A: Generally, the highest paid partner's compensation is added back and the lesser paid partner’s compensation is normalized. Typically, brokers who sell businesses try to indicate the highest earnings available to one working owner.
Q: I have a question regarding the terms information shown in the BIZCOMPS data. For example, if the terms were 20% down, 8%, 5 years, is there any way to ascertain whether the loan is interest only or fully amortized? I am trying to convert these selling prices to their cash equivalency.
A: In almost all cases you can expect the loan to be fully amortized. That is the standard way these businesses are purchased.
Q: I am reviewing transactions that have terms specified along the sale price, e.g. a sale price of $265,000 with a 32% down and terms of "5 years @10%". Would that indicate (1) the buyer put $84,800 down ($265,000 x 32%) and will pay the rest over 5 years, with interest and principal payments that total $180,200 ($265,000 x 68%) OR (2) the buyer put $84,800 down ($265,000 x 32%) and will pay $180,200 ($265,000 x 68%) over 5 years with interest accruing on the $180,200 at 10% which would effectively mean that the seller received more than the sale price of $265,000.
A: (2) is the correct answer.
Q: Are the following items included or excluded from the sale price?
- Non-Compete Agreements
- Consulting Agreement
A: Non-compete and consulting agreements are included in the sale price; if there was something negotiated on top of the sale price, it would not be included. Land and buildings are both excluded from the transaction information and rarely happen.
Q: Does the BIZCOMPS sale price relate to the business' equity only or does it include assumed liabilities (and hence, relating to the total invested capital)?
A: All that is included in BIZCOMPS transactions is fixtures & equipment
and goodwill. There is no assumed debt. The businesses are considered to be debt
free at the time of sale even though there is often new debt created by the transaction.
For more information, see the section in the BIZCOMPS User Guide titled "Converting a BIZCOMPS Asset Sale to an Equity Value."
Q: How are liquor licenses treated in the BIZCOMPS database? Do the transactions in BIZCOMPS include, or exclude, liquor licenses?
A: Generally, all assets necessary to generate the discretionary earnings are included in the sale of a business. Liquor licenses are simply another required license, just like a business license. Occasionally, there may be special circumstances when a license is sold by itself or licenses in an area that limits licenses or special unlimited licenses that permit other activities without limitation. However, it is unlikely that a buyer would pay anymore for that license than what the business profits would dictate. There are also cases where a buyer intends to do something completely different with the license like move it to another location, etc. Part of a business appraiser's duties would be to analyze such situations and apply an appropriate premium if warranted.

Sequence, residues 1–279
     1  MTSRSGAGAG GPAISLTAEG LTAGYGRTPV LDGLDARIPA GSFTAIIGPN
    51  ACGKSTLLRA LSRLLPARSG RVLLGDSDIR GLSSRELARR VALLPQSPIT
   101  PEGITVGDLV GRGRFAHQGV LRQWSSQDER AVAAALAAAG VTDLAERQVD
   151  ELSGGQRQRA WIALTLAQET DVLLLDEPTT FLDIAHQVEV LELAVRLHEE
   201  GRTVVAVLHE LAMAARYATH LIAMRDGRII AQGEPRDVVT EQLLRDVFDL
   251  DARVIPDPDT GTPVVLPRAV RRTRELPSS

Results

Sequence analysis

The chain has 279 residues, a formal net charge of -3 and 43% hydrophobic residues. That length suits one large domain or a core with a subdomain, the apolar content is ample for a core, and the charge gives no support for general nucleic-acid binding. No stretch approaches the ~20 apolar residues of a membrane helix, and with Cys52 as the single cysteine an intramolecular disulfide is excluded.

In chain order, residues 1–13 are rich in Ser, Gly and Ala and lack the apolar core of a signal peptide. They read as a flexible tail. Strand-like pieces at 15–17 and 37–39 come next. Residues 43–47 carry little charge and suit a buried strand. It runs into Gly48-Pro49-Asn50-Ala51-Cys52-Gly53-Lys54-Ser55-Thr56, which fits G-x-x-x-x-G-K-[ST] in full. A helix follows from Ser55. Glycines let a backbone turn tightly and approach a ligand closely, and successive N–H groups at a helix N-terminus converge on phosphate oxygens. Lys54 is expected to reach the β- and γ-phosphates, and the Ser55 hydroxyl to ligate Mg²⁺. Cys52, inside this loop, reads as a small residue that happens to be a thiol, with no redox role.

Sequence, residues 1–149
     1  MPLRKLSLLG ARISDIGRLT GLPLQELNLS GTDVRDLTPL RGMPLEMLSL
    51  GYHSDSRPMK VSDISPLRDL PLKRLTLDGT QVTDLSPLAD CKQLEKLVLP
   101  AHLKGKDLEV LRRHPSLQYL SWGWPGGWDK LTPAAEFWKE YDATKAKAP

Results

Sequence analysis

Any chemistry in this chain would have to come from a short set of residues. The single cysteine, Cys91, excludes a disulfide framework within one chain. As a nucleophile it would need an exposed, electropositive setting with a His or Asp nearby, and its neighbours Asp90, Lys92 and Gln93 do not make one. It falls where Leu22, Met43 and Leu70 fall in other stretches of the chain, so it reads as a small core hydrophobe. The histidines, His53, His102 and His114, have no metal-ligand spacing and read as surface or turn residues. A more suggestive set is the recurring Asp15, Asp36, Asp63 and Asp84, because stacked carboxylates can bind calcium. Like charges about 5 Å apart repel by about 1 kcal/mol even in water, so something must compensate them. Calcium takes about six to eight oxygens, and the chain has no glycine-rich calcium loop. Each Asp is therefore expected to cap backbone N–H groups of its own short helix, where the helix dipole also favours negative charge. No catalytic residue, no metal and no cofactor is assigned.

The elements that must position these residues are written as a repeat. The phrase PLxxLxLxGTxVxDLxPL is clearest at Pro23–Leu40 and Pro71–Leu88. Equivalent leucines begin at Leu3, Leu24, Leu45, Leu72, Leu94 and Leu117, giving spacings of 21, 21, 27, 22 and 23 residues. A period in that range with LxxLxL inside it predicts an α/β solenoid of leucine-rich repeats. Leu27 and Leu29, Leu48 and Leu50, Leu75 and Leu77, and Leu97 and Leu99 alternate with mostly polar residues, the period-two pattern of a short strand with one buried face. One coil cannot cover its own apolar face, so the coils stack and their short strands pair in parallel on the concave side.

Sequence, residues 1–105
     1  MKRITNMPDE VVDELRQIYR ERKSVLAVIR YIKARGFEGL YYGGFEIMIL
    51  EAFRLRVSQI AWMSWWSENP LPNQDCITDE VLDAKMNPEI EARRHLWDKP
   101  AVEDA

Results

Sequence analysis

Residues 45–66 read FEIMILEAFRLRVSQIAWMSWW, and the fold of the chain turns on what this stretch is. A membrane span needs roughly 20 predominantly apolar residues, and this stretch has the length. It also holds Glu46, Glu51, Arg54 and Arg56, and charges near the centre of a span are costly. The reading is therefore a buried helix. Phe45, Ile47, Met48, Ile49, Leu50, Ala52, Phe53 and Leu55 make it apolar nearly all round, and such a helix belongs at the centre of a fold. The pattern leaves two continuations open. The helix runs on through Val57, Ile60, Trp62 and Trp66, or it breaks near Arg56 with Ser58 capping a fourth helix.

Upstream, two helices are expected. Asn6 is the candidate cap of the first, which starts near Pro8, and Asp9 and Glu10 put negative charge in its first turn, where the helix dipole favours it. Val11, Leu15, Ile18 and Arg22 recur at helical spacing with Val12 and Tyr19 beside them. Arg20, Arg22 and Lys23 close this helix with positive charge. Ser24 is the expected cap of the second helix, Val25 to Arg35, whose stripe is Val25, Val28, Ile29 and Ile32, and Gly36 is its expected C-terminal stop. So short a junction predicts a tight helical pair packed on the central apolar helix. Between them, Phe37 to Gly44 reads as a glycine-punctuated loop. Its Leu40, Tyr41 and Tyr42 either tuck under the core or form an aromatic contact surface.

The database does not report or know the value of the individual licenses. One option is to value the license separately as an intangible asset. Try to develop an independent value for the additional earning power or eventual resale of that specific license. Or, contact local brokers that are specialists in selling licenses to see if they can provide useful information.
Q: I know the general meaning for inventory and I understand that BIZCOMPS excluses this value from the sales price. In a rental business, such as a boat rental business, should the market value of the boats be added to the sale price to arrive at an actual value for the business or would the sale price shown in BIZCOMPS already the market value of these assets?
A: In a boat rental business, the boats would be considered fixtures and equipment. That value is included in the sale price. In a few cases there are businesses like the one you mentioned that also sell boats. Those businesses sometimes rent saleable inventory. But in general, the first statement is correct. The sale price includes fixtures & equipment and goodwill. That is all that is included in the sale price. The fixtures & equipment are one of the assets necessary to generate the revenue the business eventually turns into profit and are rarely sold separately in a profitable, ongoing business.
Q: Why don't I see my SIC code of interest in the search engine's list of SIC or NAICS codes?
A: The website's search engines use the underlying data to create the list of SIC and NAICS codes. If your SIC or NAICS code is not listed in the search engine, this means there are no transactions with that SIC or NAICS code in the database. You may want to search the other databases to see if they have any helpful data or expand your search criteria to include similar SIC or NAICS codes.
Q: Each time after I alter my search of the database and I ask for a printable format, the results of my very first search continues to show in the printable format window. Is there something different that I can do so that I can print the results of the most current search?